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Take Aim

Knowing your target audience should be uppermost in every writer’s mind. This is just as vital for fiction authors as for writers of non-fiction, yet many fiction writers naively think their books will appeal to everyone. While it is wonderful to want to evangelize, the reality is that most non-Christians just aren’t picking up Christian fiction. To further narrow the field, not all Christian fiction is created equal. Let me explain.

One of the major problems is that the audience and the author just aren’t speaking the same language. Many people within the Christian community don’t realize that they speak with idioms that are only understandable to others within their faith. (‘Christian-ese’ I like to call it.) Another issue is that the average Christian reader has an expectation about the content. Coarse language, sexuality, and violence are usually smoothed over so as not to offend. In contrast, secular fiction – along with its motion picture counterpart – is becoming more and more sexualized, violent, crude and shocking.
When a book is labeled ‘Christian’ the assumption is often made that it will be squeaky-clean. There will be no sex outside marriage, no violence, no language warnings… nothing to make anyone uncomfortable. Some readers argue that they don’t want to be surprised by these elements and if a book is labelled ‘Christian’, they have a certain expectation, kind of like a ‘G’ movie rating. I’m NOT saying there is anything wrong with this. Story is ‘king, (or queen) and if a book can’t stand up on its own without these elements, then it’s really not a very good book in the first place. Gratuitous violence, sex, or bad language won’t improve a bad story. End of story.
But there are readers who want something with a little more ‘grit’. Real life isn’t perfect. Bad people do bad things. Adding non-gratuitous ‘edgy’ elements to a book makes the story more believable and can have a huge impact on the message. For a few wonderful examples, check out the Bible. There are plenty of stories in there that are pretty graphic – no sugar coating added.
That there is a market for such books is a fact. The problem for authors of so called ‘edgy’ Christian fiction is that they have a harder time finding their audience. To avoid a backlash from readers who expect all books labelled ‘Christian’ to contain zero worldly elements, some authors avoid mentioning the ‘Christian’ part. This inevitably creates another set of problems when non-Christian readers get offended by ‘too much religion’.
My own experience with this dilemma is quite extensive. I try not to sugar coat my characters or their circumstances. I want my characters to sound like real people in their natural setting, and let’s face it. Life sucks sometimes. Of course, I have certain standards – I don’t write explicit sex scenes, grotesque violence, and I will never use the F-bomb or take the Lord’s name in vain.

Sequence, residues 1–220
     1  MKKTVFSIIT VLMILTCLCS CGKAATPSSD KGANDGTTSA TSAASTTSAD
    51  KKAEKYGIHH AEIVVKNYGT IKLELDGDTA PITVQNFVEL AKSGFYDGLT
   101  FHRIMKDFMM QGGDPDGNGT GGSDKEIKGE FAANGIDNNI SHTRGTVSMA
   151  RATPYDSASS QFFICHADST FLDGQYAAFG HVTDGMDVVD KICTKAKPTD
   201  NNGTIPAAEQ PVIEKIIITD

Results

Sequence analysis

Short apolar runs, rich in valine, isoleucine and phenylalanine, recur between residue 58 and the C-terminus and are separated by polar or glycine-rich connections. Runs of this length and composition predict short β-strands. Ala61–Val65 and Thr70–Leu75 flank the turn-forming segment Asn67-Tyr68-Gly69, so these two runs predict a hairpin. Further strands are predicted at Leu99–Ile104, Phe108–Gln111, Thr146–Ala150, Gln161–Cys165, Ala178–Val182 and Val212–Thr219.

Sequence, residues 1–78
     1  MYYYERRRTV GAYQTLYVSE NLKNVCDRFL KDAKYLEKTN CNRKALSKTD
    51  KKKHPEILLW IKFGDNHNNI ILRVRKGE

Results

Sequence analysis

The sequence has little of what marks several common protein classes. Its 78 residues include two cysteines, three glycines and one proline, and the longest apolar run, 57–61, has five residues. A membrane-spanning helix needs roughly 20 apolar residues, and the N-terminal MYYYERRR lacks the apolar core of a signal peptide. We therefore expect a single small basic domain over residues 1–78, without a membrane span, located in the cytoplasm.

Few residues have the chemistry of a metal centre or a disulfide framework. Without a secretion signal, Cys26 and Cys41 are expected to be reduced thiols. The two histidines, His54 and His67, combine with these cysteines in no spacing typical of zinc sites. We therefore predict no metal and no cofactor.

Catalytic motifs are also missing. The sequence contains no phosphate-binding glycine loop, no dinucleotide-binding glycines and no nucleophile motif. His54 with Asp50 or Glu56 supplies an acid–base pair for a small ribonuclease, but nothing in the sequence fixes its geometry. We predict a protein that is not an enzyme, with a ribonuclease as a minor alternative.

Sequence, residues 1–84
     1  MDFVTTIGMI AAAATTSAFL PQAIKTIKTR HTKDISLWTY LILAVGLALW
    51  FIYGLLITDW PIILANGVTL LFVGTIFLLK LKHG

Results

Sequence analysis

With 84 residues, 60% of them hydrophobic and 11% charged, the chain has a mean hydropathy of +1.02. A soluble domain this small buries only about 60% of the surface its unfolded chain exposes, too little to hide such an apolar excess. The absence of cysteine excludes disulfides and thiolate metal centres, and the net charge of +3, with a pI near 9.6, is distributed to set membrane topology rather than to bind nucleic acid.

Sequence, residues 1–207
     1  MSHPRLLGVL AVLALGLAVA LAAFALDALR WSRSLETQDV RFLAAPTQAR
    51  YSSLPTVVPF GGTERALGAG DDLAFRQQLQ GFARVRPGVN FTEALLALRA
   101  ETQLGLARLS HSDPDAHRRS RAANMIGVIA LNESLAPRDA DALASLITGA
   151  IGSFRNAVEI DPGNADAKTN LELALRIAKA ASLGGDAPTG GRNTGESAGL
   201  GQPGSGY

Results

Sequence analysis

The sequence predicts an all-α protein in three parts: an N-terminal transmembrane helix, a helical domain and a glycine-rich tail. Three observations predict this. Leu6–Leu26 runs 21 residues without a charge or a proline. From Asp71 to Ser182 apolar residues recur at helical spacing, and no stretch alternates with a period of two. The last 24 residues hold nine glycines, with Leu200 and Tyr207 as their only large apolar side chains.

Still, my characters might have sex outside of marriage, get caught up in violent situations, and may use the occasional mild curse. This last one seems to be the stickler for many Christians. One lady wrote me to say she had to stop reading when a character used the word “hell.” Interestingly, many other readers expressed the opposite opinion, saying the authenticity of the dialogue added to the believability of the story. It’s an anything but clear case of ‘you’re damned if you do and damned if you don’t.’ (I apologize to those who may be offended by the use of the word ‘damn’…)
Some Christian authors state that their goal is to evangelize, and therein lies another paradox. In all honesty, non-Christians just aren’t reading their books. Books written from a Christian worldview are being read by people who are already familiar with the gospel. When my second book MY MOTHER THE MAN-EATER came out, I was asked at a library reading if I would prefer my book in the regular stacks or in the religious section. My immediate reply was in the regular stacks. A few months later I got an email from a reader who told me they didn’t like my book because it was too religious. (By the way, amazon isn’t the only way authors get feedback…) On the other hand, I have had more than one reader contact me to say that this same story impacted them on a deep level and they were sharing a copy with a friend. This kind of encouragement convinces me that my message has value. Even if I only affect a few people along the way, it’s worth it.

I am beginning to see that trying to be ‘all things to all people’ is not the best strategy. The debate actually comes down to one thing: AUDIENCE. I believe there is a niche – even a need – for fiction that isn’t squeaky-clean, but that tells an uncompromising yet compelling story from a Christian worldview. Perhaps the demographic is different from the stereotypic Christian reader. It may include people who were not raised in the church, who came to salvation through difficult circumstances, or who are of a more liberal mindset. If this is your audience, then write for them. They will thank you for it.

This article was originally published in the 2015 fall edition of ‘Fellowscript Magazine’.

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